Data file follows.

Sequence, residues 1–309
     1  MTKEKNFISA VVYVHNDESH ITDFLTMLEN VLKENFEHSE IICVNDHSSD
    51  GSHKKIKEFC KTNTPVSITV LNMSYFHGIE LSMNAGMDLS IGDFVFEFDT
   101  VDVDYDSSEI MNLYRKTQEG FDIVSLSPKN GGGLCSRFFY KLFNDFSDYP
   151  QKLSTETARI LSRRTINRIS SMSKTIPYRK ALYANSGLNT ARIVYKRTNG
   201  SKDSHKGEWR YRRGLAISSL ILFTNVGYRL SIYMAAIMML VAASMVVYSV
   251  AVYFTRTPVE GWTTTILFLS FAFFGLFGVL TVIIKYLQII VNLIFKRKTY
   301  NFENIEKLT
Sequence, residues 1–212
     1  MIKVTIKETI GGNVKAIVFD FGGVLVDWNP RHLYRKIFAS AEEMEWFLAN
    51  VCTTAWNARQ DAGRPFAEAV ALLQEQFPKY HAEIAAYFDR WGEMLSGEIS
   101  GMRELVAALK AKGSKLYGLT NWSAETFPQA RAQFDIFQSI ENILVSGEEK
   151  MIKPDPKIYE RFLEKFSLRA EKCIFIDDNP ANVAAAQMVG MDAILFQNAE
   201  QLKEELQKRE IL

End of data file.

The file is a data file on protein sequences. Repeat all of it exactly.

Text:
Sequence, residues 1–309
     1  MTKEKNFISA VVYVHNDESH ITDFLTMLEN VLKENFEHSE IICVNDHSSD
    51  GSHKKIKEFC KTNTPVSITV LNMSYFHGIE LSMNAGMDLS IGDFVFEFDT
   101  VDVDYDSSEI MNLYRKTQEG FDIVSLSPKN GGGLCSRFFY KLFNDFSDYP
   151  QKLSTETARI LSRRTINRIS SMSKTIPYRK ALYANSGLNT ARIVYKRTNG
   201  SKDSHKGEWR YRRGLAISSL ILFTNVGYRL SIYMAAIMML VAASMVVYSV
   251  AVYFTRTPVE GWTTTILFLS FAFFGLFGVL TVIIKYLQII VNLIFKRKTY
   301  NFENIEKLT
Sequence, residues 1–212
     1  MIKVTIKETI GGNVKAIVFD FGGVLVDWNP RHLYRKIFAS AEEMEWFLAN
    51  VCTTAWNARQ DAGRPFAEAV ALLQEQFPKY HAEIAAYFDR WGEMLSGEIS
   101  GMRELVAALK AKGSKLYGLT NWSAETFPQA RAQFDIFQSI ENILVSGEEK
   151  MIKPDPKIYE RFLEKFSLRA EKCIFIDDNP ANVAAAQMVG MDAILFQNAE
   201  QLKEELQKRE IL